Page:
Protective Role of Astrocyte-Derived Exosomal microRNA-361 in Cerebral Ischemic-Reperfusion Injury by Regulating the AMPK/mTOR Signaling Pathway and Targeting CTSB
Authors Bu X, Li D, Wang F, Sun Q, Zhang Z
Received 30 April 2020
Accepted for publication 28 June 2020
Published 31 July 2020 Volume 2020:16 Pages 1863—1877
Checked for plagiarism Yes
Review by Single anonymous peer review
Peer reviewer comments 2
Editor who approved publication: Dr Yuping Ning
Xiancong Bu,1 Dong Li,2 Feng Wang,1 Qimeng Sun,1 Zixian Zhang1
1Department of Neurology, Zaozhuang Municipal Hospital, Zaozhuang, Shandong 277100, People’s Republic of China; 2Department of Neurology, Zaozhuang Hospital of Zaozhuang Mining Group, Zaozhuang, Shandong 277100, People’s Republic of China
Correspondence: Zixian Zhang Email [email protected]
Background: Evidence has shown that microRNAs (miRNAs) are implicated in ischemic diseases. Therefore, the aim of the present study was to identify the functions of astrocyte (ATC)-derived exosomal miR-361 on cerebral ischemic-reperfusion (I/R) injury.
Methods: A rat model of cerebral I/R injury was initially established, followed by injection of ATC-derived exosomes. Next, the protective function of ATC-derived exosomes in rats with cerebral I/R injury was evaluated, and then the effect of miR-361 on rats with cerebral I/R injury was evaluated by changing miR-361 expression in exosomes. PC12 cells that underwent oxygen-glucose deprivation/reoxygenation were used to simulate I/R in vitro. The effect of ATC-derived exosomal miR-361 on the viability and apoptosis of OGD/R-treated PC12 cells was also assessed. The bioinformatic analysis predicted the targeted gene of miR-361.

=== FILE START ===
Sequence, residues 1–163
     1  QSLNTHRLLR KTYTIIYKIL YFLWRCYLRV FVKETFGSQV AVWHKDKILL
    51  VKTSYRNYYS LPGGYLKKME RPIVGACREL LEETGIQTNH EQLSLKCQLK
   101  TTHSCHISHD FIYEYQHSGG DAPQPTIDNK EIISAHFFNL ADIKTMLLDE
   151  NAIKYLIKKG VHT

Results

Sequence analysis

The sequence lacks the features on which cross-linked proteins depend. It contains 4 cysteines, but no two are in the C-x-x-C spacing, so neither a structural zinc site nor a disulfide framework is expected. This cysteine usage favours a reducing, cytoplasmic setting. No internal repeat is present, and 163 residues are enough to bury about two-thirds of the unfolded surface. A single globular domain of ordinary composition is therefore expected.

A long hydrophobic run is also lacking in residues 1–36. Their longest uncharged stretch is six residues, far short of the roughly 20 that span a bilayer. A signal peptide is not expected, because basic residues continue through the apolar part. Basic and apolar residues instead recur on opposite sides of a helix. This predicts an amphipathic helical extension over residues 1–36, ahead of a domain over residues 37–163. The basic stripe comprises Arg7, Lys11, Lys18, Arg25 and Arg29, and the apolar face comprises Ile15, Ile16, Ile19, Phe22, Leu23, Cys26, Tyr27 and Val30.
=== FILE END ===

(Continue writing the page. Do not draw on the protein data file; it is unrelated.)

Results: It was found that I/R was damaging to the brain nerves of rats, while ATC-derived exosomal miR-361 relieved nerve damage caused by I/R. Furthermore, the in vitro experiments demonstrated that ATC-derived exosomal miR-361 increased OGD/R-inhibited PC12 cell activity and suppressed cell apoptosis. Bioinformatics predicted that miR-361 targeted cathepsin B (CTSB). CTSB upregulation blocked the protective roles of miR-361. In addition, miR-361 was found to downregulate the AMPK/mTOR signaling pathway by targeting CTSB.
Conclusion: The present study demonstrated that ATC-derived exosomal miR-361 alleviates nerve damage in rats with cerebral I/R injury by targeting CTSB and downregulating the AMPK/mTOR pathway. This may offer novel insights into treatment for I/R injury.
Keywords: cerebral ischemic-reperfusion injury, astrocyte, exosome, microRNA-361, AMPK/mTOR signaling pathway, cathepsin B
This work is published and licensed by Dove Medical Press Limited. The full terms of this license are available at https://www.dovepress.com/terms.php and incorporate the Creative Commons Attribution - Non Commercial (unported, v3.0) License. By accessing the work you hereby accept the Terms. Non-commercial uses of the work are permitted without any further permission from Dove Medical Press Limited, provided the work is properly attributed. For permission for commercial use of this work, please see paragraphs 4.2 and 5 of our Terms.Download Article [PDF] View Full Text [HTML][Machine readable]